Podcast weblog: A career in law enforcement is one of the most rewarding, challenging, and selfless professions out there. The Guns and Yoga podcast explores the intersection between the impact a first responder career can have on those on the job, their families, and the importance of adopting and maintaining a holistic lifestyle. Wendy Hummell is a seasoned law enforcement officer in the Midwest with close to 25 years experience. She is a LEO spouse, mother, and wellness enthusiast. She knows first-hand the difficulties this line of work can bring. For the past decade, Wendy has been exploring various ways to improve her emotional, mental, spiritual, and physical well – being. She continues to learn and has a passion for sharing these tools to improve the quality of life not only for herself and her family, but for all first responders. Wendy is a certified yoga and meditation instructor. She teaches yoga, mindfulness, and resiliency to first responders at her current agency where she works as the Health and Wellness Coordinator. She also teaches throughout the state of Kansas and other national platforms. Wendy retired from the Wichita Police Department in 2019 at the rank of Detective where she spent a majority of her career working persons crimes. The intention of this podcast is to add value, provide support, and share resources by providing a platform for honest conversations with first responders, family members, retirees, and wellness experts. Whether you are a law enforcement officer, work in corrections, dispatch, Fire, EMS, The Prosecutors Office, the Coroners Officer, are a member of the military, family member or anyone who supports front line workers, please subscribe today and hear hear the stories of these brave men and women, the challenges and difficulties they have faced; the wonderful programs, people, and resources available to support first responders.
Wednesday Jan 18, 2023
Wednesday Jan 18, 2023
As we continue this week with our Retiree Masterclass Series and explore the pillar of leadership, I wanted to share something I recently learned about that ties into what I wanted to discuss today. As I shared last time, the first concept of the conscious leadership paradigm is Radical Responsibility; this entails taking charge of our physical, mental, emotional, spiritual, and relational well -being. As we begin to better manage our nervous system and increase self-awareness, we are better equipped to take radical responsibility for the circumstances of our lives and become more open, curious, and growth minded. One avenue is to surround yourself with others interested in this same path.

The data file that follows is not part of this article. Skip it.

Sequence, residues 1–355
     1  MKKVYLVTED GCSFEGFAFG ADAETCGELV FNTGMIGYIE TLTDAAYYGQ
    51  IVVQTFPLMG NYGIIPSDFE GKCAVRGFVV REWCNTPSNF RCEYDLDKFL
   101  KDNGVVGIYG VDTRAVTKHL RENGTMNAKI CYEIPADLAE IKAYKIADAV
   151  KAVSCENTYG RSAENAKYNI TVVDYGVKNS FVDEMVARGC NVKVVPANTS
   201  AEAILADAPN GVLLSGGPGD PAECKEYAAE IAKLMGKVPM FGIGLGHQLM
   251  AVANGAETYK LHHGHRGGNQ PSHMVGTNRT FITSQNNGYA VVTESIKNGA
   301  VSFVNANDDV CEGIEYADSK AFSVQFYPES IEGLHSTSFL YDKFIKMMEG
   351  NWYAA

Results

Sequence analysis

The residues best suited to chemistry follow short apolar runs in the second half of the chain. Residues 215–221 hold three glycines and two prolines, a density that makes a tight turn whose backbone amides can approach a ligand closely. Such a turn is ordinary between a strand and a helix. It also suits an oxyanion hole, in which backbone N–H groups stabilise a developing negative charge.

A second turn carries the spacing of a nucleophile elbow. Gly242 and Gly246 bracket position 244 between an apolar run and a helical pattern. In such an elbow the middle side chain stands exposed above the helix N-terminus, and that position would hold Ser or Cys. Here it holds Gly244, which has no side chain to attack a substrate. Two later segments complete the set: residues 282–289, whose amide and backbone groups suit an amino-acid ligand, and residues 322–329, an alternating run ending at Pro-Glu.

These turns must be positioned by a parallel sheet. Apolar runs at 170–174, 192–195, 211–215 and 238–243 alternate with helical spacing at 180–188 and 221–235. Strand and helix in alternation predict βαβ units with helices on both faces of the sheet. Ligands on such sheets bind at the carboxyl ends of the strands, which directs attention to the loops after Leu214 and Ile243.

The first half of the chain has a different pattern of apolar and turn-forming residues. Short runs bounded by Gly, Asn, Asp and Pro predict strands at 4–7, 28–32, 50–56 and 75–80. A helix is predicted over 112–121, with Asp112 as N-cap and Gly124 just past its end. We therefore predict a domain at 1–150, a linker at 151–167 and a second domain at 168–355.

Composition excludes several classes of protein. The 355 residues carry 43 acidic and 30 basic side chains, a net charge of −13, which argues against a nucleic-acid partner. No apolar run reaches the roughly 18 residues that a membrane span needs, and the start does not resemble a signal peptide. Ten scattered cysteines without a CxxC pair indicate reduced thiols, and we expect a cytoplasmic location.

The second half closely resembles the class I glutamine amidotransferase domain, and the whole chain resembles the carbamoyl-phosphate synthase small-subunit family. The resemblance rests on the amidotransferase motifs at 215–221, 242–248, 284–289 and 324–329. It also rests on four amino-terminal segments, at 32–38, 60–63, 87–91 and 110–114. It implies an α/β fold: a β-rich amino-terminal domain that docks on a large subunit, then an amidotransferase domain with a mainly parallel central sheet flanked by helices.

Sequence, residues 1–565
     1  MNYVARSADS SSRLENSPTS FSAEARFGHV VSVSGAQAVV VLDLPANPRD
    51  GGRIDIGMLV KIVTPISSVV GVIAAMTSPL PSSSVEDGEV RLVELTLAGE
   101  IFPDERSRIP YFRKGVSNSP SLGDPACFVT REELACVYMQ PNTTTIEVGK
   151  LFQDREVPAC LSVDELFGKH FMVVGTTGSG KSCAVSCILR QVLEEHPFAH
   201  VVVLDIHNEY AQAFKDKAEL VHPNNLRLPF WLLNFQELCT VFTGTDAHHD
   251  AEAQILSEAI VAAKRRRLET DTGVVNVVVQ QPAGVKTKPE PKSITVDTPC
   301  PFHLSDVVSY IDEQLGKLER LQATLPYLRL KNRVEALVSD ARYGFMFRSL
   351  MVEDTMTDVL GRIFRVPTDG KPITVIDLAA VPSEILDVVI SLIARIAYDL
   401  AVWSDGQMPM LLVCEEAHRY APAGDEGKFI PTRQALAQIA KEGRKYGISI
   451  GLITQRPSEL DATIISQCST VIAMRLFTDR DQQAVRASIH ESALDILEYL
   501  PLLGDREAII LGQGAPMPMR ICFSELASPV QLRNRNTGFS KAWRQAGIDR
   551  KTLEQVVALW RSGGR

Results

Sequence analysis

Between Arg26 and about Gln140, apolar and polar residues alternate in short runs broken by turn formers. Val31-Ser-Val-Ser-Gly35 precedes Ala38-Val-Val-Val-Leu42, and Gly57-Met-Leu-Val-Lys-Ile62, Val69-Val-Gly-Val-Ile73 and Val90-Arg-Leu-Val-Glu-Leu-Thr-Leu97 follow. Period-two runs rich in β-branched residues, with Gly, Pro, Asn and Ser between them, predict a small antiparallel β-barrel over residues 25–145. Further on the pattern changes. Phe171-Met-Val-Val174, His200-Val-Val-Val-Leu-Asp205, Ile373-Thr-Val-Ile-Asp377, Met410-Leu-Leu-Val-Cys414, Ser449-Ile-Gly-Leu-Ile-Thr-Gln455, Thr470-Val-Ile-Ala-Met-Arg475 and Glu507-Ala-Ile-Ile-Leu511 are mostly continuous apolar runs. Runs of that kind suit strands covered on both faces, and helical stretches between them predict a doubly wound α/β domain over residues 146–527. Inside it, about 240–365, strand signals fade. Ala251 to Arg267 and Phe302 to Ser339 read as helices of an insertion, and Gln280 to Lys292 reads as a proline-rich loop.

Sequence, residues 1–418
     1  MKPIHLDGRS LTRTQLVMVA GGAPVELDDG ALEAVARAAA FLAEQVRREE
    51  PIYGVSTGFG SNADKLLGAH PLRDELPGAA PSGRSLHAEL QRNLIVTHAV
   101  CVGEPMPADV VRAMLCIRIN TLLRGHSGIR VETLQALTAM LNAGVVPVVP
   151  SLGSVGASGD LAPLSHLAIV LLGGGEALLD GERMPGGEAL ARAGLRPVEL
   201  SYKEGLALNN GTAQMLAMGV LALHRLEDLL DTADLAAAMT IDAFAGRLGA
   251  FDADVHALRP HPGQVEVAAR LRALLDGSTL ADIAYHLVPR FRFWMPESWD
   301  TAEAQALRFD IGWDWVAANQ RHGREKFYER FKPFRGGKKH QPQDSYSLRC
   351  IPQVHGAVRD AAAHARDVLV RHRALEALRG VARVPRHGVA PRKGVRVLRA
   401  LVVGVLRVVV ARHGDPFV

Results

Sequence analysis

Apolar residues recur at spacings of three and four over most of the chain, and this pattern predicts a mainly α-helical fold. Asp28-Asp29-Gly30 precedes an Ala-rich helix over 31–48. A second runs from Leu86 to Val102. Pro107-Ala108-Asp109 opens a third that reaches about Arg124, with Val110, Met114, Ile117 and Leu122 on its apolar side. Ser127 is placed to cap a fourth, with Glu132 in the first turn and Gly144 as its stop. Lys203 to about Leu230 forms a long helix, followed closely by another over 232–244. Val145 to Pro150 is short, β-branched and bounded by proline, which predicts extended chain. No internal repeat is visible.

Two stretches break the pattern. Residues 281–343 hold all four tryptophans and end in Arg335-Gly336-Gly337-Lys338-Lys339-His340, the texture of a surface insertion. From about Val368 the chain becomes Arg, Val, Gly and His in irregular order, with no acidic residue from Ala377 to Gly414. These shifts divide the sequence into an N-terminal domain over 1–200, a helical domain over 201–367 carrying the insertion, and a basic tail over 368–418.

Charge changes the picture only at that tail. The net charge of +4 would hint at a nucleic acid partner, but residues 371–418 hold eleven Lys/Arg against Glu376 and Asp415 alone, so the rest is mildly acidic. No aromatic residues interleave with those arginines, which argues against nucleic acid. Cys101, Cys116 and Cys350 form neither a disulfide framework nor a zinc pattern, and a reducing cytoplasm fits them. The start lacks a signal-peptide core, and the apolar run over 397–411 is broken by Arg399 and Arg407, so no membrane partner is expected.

I recently learned of a social dynamic among female elephant herds called "elephant circles" and shared it with an incredible group of women I know. Much like a women's circle, which is an ancient practice where women gather to provide a safe place to connect, share, and empower, the elephant circle is formed either when a female elephant is giving birth or if one is injured - either way the other female elephants gather in a circle protecting their sister from outside attackers when she is vulnerable. As fierce protectors, when a sister is down, they gather around her, shoulder to shoulder, they stomp, kick up dust, masking her vulnerability much like what women do for each other when they are speaking up, sharing new ideas, new spaces, and new life; when they need their people to surround them so they can create, heal, or recover - we circle up have each other's backs. After the new life comes, when healing begins, or the darkness lifts and our sister is ready to rise back up - we celebrate.
We are meant to be there for one another. Sometimes we are the one's in the middle, sometimes we are the ones kicking up the dust with fierce love.
The genius of the group is much greater than the sum of it’s brilliant parts. This is simply peer support in action.
Many first responder agencies have embedded peer support programs. Peer support is based on the premise that you can be vulnerable with others in a safe environment with those you have something in common with.
This same principle applies to retirees. A recent article by Brian Kinnaird that appears in Psychology today titled “Peer to Peer Support for Police Veterans” addresses the transition to retirement and offers suggestions for those seeking support to do so. As I mentioned last time, we spend a lot of time training and preparing for this career, but little to no attention is given to our exit; it is our responsibility to do this for ourselves. Connection with others is a component of Maslow’s hierarchy of needs that he puts after safety and physiological needs which we covered last time with the importance of nervous system regulation and stress management; but some experts argue this is the most important component.